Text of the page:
The Consumer Electronics Show (CES) which begins today in Las Vegas is a reliable barometer of the key trends likely to hit the residential market over the coming year, says Adrian Pennington.
Some are continuations of themes that dominated 2010: 3DTV and internet connected devices. In 2011 add to that gestural user interface and ‘apps’ with everything – plus a possible format war in the 3D arena.
Much of the chatter preceding the show has in fact been about the no-show of Google TV that was expected to excite the connected TV sector. Delayed by software glitches and the denial of content by major US networks Google forced TV makers Sony, Toshiba, LG Electronics and Sharp to shelf their presentation plans for Google TV products at the last minute.
That hasn’t however dented the phenomena which is that everything from TVs to smartphones, e-readers to tablets and even cars on show here are now connected to the Web.
Jason Oxman, senior vp of Industry Affairs at the Consumer Electronics Association (CEA), dubs this ‘applification.’
“Manufacturers are changing the user experience and handing over the user interface to third-party app developers,” he says. “Manufacturers have been historically reluctant to do this, but now they’re permitting apps to permeate their devices.”
By the end of this year the CEA predict that 20% of all TVs sold in the US will have internet capability built-in.
Equally ubiquitous at the CES convention are 3D displays with portable 3D screens coming on stream.
Making 3D the centrepiece of its 2011 strategy, LG has announced a swathe of 3D enhanced AV product. These include a premium Blu-ray 3D disc home theatre system; a network Blu-ray 3D disc player; and a 7.2 channel 1280 Watt a Real 3D home theatre system featuring a pair of HDMI v 1.4 inputs and support for external HDD playback of downloadable video formats such as DivX HD and MKV. WiFi direct, Ethernet and DLNA support are all added.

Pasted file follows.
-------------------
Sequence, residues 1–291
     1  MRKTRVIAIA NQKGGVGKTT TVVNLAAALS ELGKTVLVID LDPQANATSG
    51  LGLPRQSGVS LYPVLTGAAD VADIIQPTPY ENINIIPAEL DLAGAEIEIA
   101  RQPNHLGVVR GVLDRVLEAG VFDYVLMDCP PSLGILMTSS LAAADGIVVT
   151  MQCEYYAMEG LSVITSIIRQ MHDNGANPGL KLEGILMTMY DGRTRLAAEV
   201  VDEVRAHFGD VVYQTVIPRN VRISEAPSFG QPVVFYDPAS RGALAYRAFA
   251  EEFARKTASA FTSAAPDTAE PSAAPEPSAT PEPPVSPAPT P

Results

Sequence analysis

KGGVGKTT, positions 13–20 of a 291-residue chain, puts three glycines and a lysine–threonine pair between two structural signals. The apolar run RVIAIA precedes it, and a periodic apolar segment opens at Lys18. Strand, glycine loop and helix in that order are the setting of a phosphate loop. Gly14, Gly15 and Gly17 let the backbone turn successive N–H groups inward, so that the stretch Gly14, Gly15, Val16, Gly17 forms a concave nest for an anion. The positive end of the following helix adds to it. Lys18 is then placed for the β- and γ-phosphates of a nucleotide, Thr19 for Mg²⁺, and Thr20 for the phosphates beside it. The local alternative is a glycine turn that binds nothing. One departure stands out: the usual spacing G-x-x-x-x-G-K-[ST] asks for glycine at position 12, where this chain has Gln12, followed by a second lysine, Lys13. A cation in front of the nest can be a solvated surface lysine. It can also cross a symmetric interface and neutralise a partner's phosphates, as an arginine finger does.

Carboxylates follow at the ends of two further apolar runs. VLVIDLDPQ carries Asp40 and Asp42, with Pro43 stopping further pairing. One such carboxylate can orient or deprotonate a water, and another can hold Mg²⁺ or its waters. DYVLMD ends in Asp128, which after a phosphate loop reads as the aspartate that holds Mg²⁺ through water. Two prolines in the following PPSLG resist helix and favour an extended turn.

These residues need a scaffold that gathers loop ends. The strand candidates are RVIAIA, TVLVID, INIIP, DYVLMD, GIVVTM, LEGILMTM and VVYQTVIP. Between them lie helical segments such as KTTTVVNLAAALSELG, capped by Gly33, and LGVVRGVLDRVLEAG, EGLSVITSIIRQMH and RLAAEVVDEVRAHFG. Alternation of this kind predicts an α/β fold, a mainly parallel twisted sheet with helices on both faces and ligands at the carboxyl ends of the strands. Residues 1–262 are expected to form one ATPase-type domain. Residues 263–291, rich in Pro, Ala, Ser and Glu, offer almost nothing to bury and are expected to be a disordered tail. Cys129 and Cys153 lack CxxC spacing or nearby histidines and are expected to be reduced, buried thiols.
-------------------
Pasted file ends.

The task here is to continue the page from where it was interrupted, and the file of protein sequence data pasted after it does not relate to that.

Toshiba meanwhile is demonstrating its glasses-free autostereoscopic displays for the first time outside Japan. The models are 20-inch and 12-inch and sport a special coating on the display which splits light from the TV into nine focused directions in order to provide an illusion of depth.
It is not alone in developing autostereoscopic screens and has attracted considerable interest since many in experts only believe 3D will take off in the home without glasses. Could the glasses versus glasses free screens heat up in to a format war?
Elsewhere uWand, a start-up born out of Philips R&D, is demonstrating how its ‘remote touch’ technology might change the way we watch and navigate TV. Equipped with direct pointing and 3D gesture control capabilities, uWand makes it possible to navigate 3D user interfaces by zooming out to bring menu items to the front of the screen.
Norway’s Elliptic Labs also has a touchless gesture user interface for the iPad. The company says it uses ultrasound to generate a field that projects one foot in front or to the side of a docked iPad. Users can then wave their hands about in front of the screen to control the device. With Microsoft Kinetc sales well past one million worldwide, the motion controller is likely to become a staple of home installs going forward.
Car manufacturers also want in on the act. Exhibitors Ford, Audi and GM have invested significant resources on revolutionising the way we interact with — and think about — our vehicles. Innovations include HD radio, in-car Wi-Fi and new functionality to in-car infotainment systems like Ford Sync.